Brothers of the Light was my
first novel. It was excruciating work all the way, mainly because
when I started it, I didn't know what I was doing. Altogether,
I wrote 300,000 words as I learned to write a novel with a strong
story. Eventually I trashed 215,000 of those words to obtain a
It wasn't until I discovered the principal of narrative unity that things finally became clear. Narrative Unity says, "Nothing goes in the narrative that does not belong and nothing gets left out that belongs in."
The light suddenly dawned on me when I read that. It meant simply that, no matter how much I loved what I was writing, if it neither furthered nor hindered the hero's effort to achieve his goal, it didn't belong in the book.
My first clue to that concept came from Robert Louis Stevenson's essay entitled A Humble Remonstrance. Narrative Unity and Stevenson's essay are covered in detail in Quest for the Golden Quill of Storytelling.
What Stevenson said was, "“Let him [the writer] choose a motive, whether of character or passion; carefully construct his plot so that every incident is an illustration of the motive, and every property employed shall bear to it a near relation of congruity or contrast."
I finally figured out that he was talking about what I now call Narrative Unity. I then applied that test to all 300, 000 words of the novel and the 85,000 leftovers got published.
So far, with no promotion, Brothers of the Light is selling slowly, but steadily, mostly as a result of Amazon and other search engines. However, the book has received some tail-wagger reviews on Amazon and from my published author friends.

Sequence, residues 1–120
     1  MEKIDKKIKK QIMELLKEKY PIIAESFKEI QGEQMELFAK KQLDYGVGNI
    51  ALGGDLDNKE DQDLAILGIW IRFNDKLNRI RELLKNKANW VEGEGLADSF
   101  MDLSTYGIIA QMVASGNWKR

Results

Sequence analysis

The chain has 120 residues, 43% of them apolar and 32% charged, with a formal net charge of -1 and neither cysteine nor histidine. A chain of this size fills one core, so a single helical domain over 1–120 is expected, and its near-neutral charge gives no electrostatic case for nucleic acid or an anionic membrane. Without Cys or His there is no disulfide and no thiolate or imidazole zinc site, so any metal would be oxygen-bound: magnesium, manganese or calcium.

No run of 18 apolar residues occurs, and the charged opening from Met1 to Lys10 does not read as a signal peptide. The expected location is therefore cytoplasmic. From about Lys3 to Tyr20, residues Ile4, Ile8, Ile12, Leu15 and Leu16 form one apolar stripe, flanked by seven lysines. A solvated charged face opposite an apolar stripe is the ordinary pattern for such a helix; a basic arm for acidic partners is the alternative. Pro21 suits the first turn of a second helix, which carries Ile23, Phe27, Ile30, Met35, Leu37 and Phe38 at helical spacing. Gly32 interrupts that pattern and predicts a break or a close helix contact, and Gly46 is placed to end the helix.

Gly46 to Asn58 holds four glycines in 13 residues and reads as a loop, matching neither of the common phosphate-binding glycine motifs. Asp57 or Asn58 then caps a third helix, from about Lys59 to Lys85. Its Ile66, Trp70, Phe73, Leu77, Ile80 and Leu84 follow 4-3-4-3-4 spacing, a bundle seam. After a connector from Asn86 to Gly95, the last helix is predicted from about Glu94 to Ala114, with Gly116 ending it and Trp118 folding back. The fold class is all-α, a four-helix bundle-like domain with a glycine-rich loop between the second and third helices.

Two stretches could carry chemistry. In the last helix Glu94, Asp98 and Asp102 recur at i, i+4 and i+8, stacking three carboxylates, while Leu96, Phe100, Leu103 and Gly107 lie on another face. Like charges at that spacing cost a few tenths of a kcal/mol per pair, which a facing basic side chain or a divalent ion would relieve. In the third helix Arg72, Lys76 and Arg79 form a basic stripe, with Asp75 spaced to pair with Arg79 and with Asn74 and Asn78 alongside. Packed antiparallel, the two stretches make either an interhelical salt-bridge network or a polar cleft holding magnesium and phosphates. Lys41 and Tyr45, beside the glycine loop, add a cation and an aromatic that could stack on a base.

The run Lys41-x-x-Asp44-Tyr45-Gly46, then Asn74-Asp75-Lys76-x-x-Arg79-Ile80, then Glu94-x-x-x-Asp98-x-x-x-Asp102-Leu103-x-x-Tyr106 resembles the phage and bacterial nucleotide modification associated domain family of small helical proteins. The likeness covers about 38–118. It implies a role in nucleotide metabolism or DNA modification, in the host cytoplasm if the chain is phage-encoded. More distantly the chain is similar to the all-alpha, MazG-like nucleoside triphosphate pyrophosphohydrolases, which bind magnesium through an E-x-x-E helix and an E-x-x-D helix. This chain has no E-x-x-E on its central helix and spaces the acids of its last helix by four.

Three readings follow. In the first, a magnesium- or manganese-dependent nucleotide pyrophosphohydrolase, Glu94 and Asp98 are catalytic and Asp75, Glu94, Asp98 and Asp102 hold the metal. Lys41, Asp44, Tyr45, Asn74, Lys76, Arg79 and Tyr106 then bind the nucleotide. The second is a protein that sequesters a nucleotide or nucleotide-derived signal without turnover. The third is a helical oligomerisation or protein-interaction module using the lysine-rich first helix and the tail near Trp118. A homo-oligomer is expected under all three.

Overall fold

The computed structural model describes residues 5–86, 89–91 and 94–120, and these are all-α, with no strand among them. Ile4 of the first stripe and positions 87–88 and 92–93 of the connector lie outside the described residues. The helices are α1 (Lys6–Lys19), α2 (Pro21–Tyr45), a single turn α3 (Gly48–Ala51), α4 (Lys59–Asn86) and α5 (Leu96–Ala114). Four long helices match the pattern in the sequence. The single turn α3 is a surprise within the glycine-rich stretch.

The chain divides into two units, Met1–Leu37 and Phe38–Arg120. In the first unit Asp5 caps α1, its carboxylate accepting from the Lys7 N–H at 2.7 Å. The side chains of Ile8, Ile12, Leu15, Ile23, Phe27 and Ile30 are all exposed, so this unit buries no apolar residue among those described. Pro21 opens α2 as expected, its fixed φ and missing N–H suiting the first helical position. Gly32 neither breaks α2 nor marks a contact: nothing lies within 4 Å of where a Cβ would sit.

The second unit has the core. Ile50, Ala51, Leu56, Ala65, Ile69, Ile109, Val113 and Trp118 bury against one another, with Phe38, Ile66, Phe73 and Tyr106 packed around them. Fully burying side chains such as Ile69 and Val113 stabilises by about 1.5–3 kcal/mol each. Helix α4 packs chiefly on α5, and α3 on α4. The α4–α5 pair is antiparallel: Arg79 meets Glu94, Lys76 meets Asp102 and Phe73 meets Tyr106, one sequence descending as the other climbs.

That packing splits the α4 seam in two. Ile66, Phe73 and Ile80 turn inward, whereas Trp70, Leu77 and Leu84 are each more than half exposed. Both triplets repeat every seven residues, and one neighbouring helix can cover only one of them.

Following is what the blurb on the back of the book says.
Abandoned as infants in California, brothers Michael and Daniel
St. James dream of someday learning their true identities. But when
Daniel finally learns the shocking truth in a rural Arkansas town,
that dream quickly becomes a nightmare. Before he can warn Michael
to stay away, he is brutally attacked, left comatose and enshrouded
by a strange blue-violet aura that baffles the doctors. To save his
brother, Michael rushes to Arkansas where he falls in love with
beautiful librarian Jessica Simms, faces a vengeful paranormal
terrorist trying to take over the government, and uncovers a family
secret that changes their lives and the world forever.
Intrigue, deep mystical love, bizarre attempts to murder Michael, plus exciting paranormal fireworks—all makeBrothers of the Light a blistering, fast-paced read.
As a young man I read an article in the now-defunct New Orleans States-Item Newspaper.
It was about a rural, illiterate Mississippi couple, who discovered their 18-month old son playing with the newspapers they used to wrap fish.
The baby acted oddly, they thought, so they called a doctor. The doctor came and watched the baby. He concluded the infant was reading somehow, which seemed impossible, since the parents couldn't read.
The doctor called a couple of professor friends at the university, and they came to investigate.
Somehow that infant had doped out a method of understanding the paper.
That article germinated in my thoughts for years, until Brothers of the Light was born.